NEW YORK — The testimony at a federal drug-trafficking trial was chilling: Jurors heard how bribed baggage handlers at John F. Kennedy International Airport concealed cocaine on commercial jets inside sensitive wing-assembly compartments.
Saying the tactic risked the lives of passengers, a federal judge sentenced the convicted leader of the drug ring on Tuesday to life in prison.
Victor Bourne, a former American Airlines baggage handler, was found guilty last year of charges he used his behind-the-scenes access at New York City’s busiest airport to orchestrate the smuggling of more than 330 pounds of cocaine from 2000 to 2009.
‘‘You personally exacerbated one of the nation’s greatest blights,’’ US District Judge Nicholas Garaufis said at the sentencing in federal court in Brooklyn.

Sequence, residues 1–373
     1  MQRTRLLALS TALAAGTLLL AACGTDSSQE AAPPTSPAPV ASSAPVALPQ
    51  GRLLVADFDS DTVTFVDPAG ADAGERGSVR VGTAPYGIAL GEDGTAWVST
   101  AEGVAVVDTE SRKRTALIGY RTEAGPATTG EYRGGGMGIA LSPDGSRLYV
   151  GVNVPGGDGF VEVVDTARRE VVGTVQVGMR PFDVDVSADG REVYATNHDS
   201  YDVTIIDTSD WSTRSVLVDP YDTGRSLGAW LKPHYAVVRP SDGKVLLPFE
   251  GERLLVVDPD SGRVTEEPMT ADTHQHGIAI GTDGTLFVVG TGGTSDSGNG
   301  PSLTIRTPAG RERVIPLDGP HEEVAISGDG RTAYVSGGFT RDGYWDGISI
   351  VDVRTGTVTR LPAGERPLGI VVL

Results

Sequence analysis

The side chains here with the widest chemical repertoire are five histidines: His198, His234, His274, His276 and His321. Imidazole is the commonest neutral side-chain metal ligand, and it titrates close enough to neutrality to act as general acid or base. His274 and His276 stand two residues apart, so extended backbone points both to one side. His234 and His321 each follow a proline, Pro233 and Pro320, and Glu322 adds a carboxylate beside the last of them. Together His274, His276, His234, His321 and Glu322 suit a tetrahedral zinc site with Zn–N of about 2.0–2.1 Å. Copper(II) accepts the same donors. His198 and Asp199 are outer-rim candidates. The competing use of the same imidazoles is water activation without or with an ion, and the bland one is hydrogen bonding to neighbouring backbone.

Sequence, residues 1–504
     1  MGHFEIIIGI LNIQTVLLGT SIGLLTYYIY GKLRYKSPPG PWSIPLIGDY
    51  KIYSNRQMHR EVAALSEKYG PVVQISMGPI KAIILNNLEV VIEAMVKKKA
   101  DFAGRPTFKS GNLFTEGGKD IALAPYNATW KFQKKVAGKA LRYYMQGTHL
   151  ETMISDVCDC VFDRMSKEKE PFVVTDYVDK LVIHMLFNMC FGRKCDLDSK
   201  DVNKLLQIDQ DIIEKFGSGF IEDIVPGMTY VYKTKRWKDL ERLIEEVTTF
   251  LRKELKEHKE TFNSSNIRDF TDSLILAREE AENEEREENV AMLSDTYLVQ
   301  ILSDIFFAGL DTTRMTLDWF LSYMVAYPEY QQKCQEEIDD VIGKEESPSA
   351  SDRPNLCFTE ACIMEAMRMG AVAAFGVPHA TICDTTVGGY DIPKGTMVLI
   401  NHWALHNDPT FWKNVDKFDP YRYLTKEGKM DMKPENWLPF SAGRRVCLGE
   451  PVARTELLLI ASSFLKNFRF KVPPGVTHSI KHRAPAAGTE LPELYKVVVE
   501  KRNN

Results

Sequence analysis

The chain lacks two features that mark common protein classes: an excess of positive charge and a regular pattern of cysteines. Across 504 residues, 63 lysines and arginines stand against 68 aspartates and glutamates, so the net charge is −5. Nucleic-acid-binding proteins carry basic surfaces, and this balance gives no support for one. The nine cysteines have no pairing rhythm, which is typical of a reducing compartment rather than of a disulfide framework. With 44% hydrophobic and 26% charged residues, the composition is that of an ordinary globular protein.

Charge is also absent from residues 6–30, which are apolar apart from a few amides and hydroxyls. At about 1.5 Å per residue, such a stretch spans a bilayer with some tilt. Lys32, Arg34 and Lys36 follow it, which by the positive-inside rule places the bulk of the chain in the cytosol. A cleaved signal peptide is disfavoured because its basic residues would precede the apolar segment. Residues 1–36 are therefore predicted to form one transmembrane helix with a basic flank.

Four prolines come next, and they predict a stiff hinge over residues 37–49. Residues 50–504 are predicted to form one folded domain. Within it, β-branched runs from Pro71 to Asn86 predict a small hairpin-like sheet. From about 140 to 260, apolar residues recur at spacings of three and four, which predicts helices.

An unrepentant Bourne insisted investigators used ‘‘false evidence’’ to frame him.
‘‘How can I accept responsibility for something that I don’t have nothing to do with?’’ the 37-year-old native of Barbados asked.
The sentencing capped a federal investigation that has resulted in the convictions of 20 people — 19 of them airlines employees — and the seizure of large amounts of cocaine and the forfeiture of $6.9 million.
As leader of the crew, Bourne made millions of dollars that he laundered through business ventures in Brooklyn and Barbados, authorities said.
Prosecutors built much of their case against Bourne based on the testimony of six former employees of American Airlines who pleaded guilty to narcotics trafficking.
The jury heard evidence that Bourne bribed crew chiefs to assign his gang of corrupt baggage handlers to flights from the Caribbean.